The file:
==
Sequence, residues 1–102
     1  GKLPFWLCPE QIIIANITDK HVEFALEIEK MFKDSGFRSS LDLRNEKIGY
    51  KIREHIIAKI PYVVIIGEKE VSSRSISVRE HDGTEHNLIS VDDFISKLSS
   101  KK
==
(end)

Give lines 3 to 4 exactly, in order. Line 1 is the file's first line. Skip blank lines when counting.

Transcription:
    51  KIREHIIAKI PYVVIIGEKE VSSRSISVRE HDGTEHNLIS VDDFISKLSS
   101  KK